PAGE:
How To See the Signs of Suicidal Thoughts In Loved Ones

Anyone can advocate for suicide prevention by posting resources and crisis lines and sharing mental health social media posts, but what’s even more beneficial than this is looking for the signs of depression/suicidal thoughts in people you may think are having a hard time. I have personally grown up my entire life with mental health issues, and have struggled with battling suicidal thoughts, and I did it all alone. I can say now looking back that I wish I would have reached out to someone for help, but I feel like I had no one. Battling those thoughts at thirteen years old is not an easy thing to do.

Symptoms to Look Out For

Whenever we hear of a suicide in today’s world, we always think “Why’d they do it?” or “I never would have thought they were struggling”. It’s important to notice the signs in people who may seem down or different lately. Look for these symptoms in yourself and others you believe
may be silently struggling:

– a loss of interest in things the person used to enjoy
– substance abuse
– sleep problems
– lack of energy
– self isolation
– self harming
– poor appetite/dramatic weight change
– feeling down
– inability/lacking of taking care of oneself
– lack of confidence
– headaches/muscle aches (less common)

It’s critical to recognize signs in family and friends before it’s too late.

What to Do When Someone Tells You How They’re Feeling

When someone does tell you how they’ve been feeling, the best thing you can do is listen with intent to understand and sympathize. If you don’t feel like you’re the right person to give advice, it is encouraged that you just let them get everything off of their chest. If they mention anything about hurting themselves or you believe they might, you should tell a trusted adult. If you do feel like you’re educated on the subject, encourage them to reach out to someone and offer some resources to them. I was personally a really shy person when I was going through depression and these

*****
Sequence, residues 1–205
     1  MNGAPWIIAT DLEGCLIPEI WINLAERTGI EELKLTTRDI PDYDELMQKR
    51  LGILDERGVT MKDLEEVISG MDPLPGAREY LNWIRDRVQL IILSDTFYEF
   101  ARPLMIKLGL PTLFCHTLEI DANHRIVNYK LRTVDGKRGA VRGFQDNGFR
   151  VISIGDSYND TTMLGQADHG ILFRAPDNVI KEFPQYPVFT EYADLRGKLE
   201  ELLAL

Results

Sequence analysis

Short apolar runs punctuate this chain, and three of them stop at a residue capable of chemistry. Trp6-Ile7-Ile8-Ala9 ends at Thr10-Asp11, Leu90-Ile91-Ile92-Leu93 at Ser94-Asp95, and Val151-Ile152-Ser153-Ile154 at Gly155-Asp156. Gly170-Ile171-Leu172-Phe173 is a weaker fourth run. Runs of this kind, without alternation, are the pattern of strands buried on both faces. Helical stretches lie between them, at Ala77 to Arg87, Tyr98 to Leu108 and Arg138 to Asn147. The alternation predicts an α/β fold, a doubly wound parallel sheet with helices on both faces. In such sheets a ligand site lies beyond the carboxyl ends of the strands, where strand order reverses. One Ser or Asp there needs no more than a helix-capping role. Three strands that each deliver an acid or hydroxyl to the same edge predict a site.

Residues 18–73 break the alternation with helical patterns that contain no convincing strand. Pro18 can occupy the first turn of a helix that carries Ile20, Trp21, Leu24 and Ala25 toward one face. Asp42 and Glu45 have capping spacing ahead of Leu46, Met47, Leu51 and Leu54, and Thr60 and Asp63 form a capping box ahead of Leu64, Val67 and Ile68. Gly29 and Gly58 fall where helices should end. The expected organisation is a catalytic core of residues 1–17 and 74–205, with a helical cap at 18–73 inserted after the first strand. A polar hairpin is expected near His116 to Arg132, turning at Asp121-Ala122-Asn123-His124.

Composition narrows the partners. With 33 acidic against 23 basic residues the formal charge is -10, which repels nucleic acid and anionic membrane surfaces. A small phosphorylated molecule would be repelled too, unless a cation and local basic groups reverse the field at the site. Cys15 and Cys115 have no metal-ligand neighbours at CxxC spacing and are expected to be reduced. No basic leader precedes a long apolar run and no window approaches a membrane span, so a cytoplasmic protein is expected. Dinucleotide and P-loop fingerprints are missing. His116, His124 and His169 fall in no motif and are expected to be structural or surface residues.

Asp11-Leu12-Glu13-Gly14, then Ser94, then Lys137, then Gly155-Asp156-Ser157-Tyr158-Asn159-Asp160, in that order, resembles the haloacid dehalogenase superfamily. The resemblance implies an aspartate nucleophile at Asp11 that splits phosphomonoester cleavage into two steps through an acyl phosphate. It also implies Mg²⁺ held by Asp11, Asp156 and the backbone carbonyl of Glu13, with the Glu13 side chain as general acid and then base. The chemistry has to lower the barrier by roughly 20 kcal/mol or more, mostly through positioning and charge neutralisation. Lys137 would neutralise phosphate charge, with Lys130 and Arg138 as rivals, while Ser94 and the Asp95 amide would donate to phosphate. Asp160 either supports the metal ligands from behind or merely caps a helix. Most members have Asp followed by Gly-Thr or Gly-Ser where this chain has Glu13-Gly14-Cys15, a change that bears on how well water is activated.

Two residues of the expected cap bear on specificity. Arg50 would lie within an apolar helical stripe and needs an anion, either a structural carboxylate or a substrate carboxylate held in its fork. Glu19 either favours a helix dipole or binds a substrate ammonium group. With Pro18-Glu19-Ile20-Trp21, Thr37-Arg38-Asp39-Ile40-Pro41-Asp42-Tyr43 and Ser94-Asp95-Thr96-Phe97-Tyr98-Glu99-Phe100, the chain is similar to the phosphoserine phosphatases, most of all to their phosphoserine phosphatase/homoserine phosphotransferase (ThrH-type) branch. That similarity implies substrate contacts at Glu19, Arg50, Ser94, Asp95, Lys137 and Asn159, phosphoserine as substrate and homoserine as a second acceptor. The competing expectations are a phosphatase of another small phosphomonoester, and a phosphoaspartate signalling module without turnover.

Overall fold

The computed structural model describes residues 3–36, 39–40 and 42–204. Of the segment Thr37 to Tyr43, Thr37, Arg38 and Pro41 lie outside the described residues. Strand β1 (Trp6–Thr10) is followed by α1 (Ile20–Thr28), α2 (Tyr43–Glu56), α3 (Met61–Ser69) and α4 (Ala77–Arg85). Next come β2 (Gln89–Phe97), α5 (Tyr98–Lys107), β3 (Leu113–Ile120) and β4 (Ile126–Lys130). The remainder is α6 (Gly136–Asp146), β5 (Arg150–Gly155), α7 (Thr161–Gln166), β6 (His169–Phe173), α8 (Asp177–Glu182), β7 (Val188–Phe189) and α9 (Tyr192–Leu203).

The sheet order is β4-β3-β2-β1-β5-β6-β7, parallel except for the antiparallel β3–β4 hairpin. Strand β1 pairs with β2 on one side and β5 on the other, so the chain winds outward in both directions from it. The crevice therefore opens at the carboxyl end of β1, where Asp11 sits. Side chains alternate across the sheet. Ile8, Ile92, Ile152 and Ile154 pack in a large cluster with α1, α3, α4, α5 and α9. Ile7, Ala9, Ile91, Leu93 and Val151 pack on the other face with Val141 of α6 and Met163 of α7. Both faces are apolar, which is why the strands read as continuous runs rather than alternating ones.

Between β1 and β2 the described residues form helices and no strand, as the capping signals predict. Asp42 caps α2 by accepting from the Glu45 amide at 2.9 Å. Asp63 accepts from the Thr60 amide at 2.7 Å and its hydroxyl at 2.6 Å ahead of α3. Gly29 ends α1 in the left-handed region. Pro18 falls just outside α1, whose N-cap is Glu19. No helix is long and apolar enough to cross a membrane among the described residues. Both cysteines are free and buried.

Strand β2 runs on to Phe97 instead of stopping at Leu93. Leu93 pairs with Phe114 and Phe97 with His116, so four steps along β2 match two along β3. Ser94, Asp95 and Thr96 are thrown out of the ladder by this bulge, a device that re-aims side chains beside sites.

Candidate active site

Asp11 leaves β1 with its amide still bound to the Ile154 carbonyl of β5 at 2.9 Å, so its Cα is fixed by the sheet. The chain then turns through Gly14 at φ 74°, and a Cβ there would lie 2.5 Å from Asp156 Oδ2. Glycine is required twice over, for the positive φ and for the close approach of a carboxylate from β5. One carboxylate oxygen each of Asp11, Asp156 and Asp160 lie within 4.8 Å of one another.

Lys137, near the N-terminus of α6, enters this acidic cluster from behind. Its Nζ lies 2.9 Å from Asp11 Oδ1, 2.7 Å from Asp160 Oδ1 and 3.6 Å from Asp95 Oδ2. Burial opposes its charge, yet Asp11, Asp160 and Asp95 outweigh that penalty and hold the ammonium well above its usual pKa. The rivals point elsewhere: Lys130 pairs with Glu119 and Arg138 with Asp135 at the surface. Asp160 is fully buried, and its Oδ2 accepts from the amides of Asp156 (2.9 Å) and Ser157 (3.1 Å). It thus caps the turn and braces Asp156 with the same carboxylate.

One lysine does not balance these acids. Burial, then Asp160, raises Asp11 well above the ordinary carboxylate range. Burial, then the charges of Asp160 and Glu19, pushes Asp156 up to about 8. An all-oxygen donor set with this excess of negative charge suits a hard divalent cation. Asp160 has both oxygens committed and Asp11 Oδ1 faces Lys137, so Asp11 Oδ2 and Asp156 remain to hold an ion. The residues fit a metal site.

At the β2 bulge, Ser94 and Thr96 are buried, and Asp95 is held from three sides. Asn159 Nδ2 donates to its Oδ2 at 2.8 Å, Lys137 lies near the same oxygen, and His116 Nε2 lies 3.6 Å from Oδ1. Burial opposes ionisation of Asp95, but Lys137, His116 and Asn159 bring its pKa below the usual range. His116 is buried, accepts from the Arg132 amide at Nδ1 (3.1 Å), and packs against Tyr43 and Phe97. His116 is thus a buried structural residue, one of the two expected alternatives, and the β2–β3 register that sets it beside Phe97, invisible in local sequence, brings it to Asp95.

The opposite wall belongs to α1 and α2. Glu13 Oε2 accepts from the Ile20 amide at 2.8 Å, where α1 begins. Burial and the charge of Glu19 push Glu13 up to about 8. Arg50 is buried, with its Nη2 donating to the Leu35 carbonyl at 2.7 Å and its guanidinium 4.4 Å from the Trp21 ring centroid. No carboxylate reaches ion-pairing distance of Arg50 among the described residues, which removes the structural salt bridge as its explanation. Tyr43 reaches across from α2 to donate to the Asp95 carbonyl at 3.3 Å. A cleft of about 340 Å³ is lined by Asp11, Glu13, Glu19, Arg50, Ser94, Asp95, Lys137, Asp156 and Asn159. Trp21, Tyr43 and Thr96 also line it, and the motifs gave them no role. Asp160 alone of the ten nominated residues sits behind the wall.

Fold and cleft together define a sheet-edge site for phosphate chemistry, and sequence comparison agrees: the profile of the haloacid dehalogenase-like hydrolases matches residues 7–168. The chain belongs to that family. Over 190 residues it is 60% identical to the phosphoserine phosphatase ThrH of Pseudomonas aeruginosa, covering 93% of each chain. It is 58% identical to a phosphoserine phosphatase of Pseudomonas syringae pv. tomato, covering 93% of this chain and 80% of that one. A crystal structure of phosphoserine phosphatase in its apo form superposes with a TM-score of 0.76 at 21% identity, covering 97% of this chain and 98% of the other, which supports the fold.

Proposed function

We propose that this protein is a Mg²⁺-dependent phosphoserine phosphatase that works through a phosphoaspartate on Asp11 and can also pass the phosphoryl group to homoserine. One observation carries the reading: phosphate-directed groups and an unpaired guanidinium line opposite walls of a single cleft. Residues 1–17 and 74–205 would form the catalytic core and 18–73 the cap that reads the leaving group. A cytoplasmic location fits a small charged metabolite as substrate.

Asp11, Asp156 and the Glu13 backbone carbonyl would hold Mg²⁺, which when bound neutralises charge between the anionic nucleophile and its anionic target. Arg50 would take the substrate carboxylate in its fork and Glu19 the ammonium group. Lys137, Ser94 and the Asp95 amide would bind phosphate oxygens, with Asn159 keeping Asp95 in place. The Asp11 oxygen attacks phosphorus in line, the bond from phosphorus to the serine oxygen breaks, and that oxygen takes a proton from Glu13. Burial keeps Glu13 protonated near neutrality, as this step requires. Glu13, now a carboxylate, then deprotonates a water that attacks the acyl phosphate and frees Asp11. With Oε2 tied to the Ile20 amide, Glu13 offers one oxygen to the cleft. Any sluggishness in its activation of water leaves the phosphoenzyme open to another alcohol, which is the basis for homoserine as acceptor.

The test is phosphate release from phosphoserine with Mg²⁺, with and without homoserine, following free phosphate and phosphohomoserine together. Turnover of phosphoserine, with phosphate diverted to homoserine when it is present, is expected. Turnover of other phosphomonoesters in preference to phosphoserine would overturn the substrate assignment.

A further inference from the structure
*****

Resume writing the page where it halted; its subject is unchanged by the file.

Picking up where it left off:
intrusive thoughts, and was too scared to reach out to anyone, even my best friend. I know lots of other people who are like this, and it’s a completely normal emotion to feel. Because of the stigma surrounding mental health issues, lots of people are afraid to ask for help. I urge you to
look out for signs in close family and friends and ask if they’re doing okay frequently. Below, you can find resources to refer to people you think may be struggling, or if you need them yourself. People are here to help you. You are not alone: )

Crisis Text Line (not just for suicide, but feeling any kind of emotion you want to talk about):
– 741741 (text “HELLO”, “HOME”, or “START”)

Suicide Hotline Number:
– 1-800-273-8255
– (if you prefer texting)

The Trevor Project (for LGBTQIA+ youth):
– 866-488-7386
– text START to 678678. (Mon-Fri 3 p.m. to 10 p.m. EST/12 p.m. to 7 p.m. PST)

RAINN National Sexual Assault Hotline
– 1-800-656-HOPE (4673)

National Teen Dating Abuse Helpline
– 1-866-331-9474

SAMHSA Treatment Referral Hotline (Substance Abuse)
– 1-800-662-HELP (4357)

-Anna, Alabama

Similar Posts